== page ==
The EU Taxonomy’s Data Hierarchy: Decoding Reported, Equivalent and Estimated Data

Regulatory Compliance August 5, 2022 Luis Angolotti and Serhat Öngen

Together, the EU Taxonomy and SFDR regulations create rules for how financial market participants (mainly asset managers) have to disclose sustainability-related information. For example, asset managers offering financial products that promote environmental characteristics (Article 8) or objectives (Article 9) have to disclose how their products are aligned with the EU Taxonomy. To do this, they can either collect the necessary information themselves or rely on third-party providers, such as Clarity AI.

This can be a challenge for asset managers as they find themselves questioning how to accurately interpret the data, how to mix data sources reliably, and how to build the analytical tools necessary to generate the required output. On top of that, there are questions around what information can be used and when, as the regulator distinguishes between reported, equivalent and estimated EU Taxonomy data.

Reported, equivalent, or estimated data: What are they and how are they different?

Reported data

Companies that fall under the Non-Financial Reporting Directive (NFRD) are required to report, over the course of 2022, their Taxonomy eligibility for the objectives of Climate Change Mitigation and Climate Change Adaptation. Soon after, over the course of 2023, they will need to report their eligibility and alignment for all six environmental objectives¹. This is what the regulator considers reported information.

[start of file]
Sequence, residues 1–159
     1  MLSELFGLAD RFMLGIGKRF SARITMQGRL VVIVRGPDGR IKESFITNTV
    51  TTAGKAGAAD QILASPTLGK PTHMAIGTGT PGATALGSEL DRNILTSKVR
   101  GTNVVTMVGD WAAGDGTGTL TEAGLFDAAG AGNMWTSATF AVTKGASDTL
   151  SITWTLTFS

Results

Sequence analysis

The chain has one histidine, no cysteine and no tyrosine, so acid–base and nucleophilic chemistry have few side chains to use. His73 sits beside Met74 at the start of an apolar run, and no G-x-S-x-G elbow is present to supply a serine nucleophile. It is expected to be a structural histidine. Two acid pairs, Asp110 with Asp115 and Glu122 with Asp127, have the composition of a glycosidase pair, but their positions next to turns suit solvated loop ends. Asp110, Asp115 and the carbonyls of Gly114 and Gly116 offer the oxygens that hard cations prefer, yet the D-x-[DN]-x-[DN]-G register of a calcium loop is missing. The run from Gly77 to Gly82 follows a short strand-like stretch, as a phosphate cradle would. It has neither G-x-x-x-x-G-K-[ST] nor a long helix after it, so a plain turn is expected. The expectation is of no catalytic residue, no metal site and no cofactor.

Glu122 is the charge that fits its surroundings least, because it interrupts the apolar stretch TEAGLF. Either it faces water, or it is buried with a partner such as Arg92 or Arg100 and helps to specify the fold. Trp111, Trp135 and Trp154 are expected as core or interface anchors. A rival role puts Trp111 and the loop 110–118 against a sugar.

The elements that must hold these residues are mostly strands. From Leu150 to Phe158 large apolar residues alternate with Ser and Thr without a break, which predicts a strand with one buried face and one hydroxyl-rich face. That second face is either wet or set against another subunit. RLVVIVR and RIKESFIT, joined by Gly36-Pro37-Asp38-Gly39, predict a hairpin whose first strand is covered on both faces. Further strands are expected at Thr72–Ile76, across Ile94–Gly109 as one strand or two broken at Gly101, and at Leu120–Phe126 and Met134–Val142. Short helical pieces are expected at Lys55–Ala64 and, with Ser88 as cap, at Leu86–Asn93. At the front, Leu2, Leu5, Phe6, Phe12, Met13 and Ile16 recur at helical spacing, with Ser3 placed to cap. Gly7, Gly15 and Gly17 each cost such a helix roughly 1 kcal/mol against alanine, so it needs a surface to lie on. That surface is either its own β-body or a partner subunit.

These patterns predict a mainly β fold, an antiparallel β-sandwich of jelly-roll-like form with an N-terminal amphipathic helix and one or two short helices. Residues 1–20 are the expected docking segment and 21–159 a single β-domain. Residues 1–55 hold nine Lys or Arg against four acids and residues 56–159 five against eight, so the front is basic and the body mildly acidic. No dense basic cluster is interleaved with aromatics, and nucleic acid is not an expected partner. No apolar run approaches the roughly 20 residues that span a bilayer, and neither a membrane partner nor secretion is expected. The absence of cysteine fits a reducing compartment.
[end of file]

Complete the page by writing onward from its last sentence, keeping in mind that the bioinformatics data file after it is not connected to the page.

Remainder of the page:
How does Clarity AI present reported data?

Thanks to our technology and our focus on systematic tools, we can incorporate EU Taxonomy data reported by companies very quickly. Since reported data is the best type of data, we give it prevalence over any other information we may have on a company. We also make it evident to the user that this data comes from a report, including the appropriate tag and a link to the report itself when it applies.

Equivalent data

Since not all companies are reporting EU Taxonomy data, and many are not under the scope of NFRD, asset managers “may rely on equivalent information on taxonomy alignment obtained directly from investee companies or from third party providers”.

Equivalent data is information disclosed that is similar/analogous to the data expected by the regulation.

How does Clarity AI interpret and apply equivalent data?

In our EU Taxonomy solution, we use equivalent data that matches the technical criteria to generate an eligibility or alignment result for those companies for which we do not have reported data. We also treat as equivalent the contribution of eligible activities that have no technical criteria at all (such as electricity generation from wind).

Estimated data

The regulator considers estimated data the information that is derived from reasonable assumptions. In other words, it refers to all information that is neither reported nor equivalent.